A second embodiment of the present invention the spring element 103 is attached to a base 102, the spring element 103 having two coating layers (FIG. 2), one layer 107 sensitive to hydrogen ions, and a second layer 108 having biomaterials in a polymer base. The biomaterial layer and/or the layer sensitive to hydrogen ions will develop a surface charge density different than the base material 104 of the cantilever 103. The second surface 105, which may be of an inert material different than the base material 104, such as ceramics, polymers, or silica. One of the layers 107 or 108 may contain enzymes, peptides, proteins, nucleic acids, carbohydrates, antibody and antigen molecules, pharmacological agents (i.e. drugs, including small organic molecules such as aspirin), and other biopolymers that interact and bind with enzymes in the sample 113 to produce pH changes on the spring elemnt surface in proportion to pH changes in the sample 113 placed on the sensing layer. Therefore the spring element 103 may be utilized for enzyme-linked immunoassays. With selection of the appropriate biopolymer, and calibration of surface charge density and associated mechanical stress buildup, the number of enzymes within a sample 113 may be calculated with the microcantilevered spring element 103.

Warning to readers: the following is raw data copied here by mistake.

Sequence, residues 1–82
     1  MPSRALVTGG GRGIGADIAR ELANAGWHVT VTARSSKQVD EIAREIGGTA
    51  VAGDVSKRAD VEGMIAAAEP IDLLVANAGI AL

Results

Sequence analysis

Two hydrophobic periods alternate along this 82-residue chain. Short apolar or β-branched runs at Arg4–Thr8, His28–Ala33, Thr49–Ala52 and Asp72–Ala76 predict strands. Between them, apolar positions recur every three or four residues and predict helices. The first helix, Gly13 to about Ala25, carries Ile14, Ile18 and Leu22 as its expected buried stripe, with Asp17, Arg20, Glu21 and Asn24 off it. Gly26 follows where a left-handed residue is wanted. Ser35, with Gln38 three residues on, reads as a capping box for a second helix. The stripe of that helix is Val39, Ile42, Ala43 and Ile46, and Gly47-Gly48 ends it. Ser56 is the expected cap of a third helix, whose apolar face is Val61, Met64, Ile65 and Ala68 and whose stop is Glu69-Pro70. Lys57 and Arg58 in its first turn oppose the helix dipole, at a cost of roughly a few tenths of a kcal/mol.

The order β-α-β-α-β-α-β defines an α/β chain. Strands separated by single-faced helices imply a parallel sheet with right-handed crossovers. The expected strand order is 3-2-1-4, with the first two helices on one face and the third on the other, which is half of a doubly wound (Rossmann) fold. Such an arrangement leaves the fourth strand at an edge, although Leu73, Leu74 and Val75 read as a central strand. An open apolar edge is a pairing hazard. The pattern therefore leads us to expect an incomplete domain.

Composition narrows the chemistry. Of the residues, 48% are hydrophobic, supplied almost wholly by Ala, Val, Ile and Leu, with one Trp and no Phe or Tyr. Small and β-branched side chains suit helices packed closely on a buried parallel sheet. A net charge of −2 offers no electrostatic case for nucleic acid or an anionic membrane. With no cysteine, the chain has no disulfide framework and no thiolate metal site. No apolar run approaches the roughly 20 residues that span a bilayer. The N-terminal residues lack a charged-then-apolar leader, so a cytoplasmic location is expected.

As shown in FIG. 4, the microcantilevered spring element 123 may have a central region void 126 to form a "U" shape lever which provides additional insulation of the spring element 123 from the transducer base 122. A chemical 127 sensitive to the physical and chemical property undergoing detection is coated on one surface 125, with the spring element 123 composed of an essentially inert material.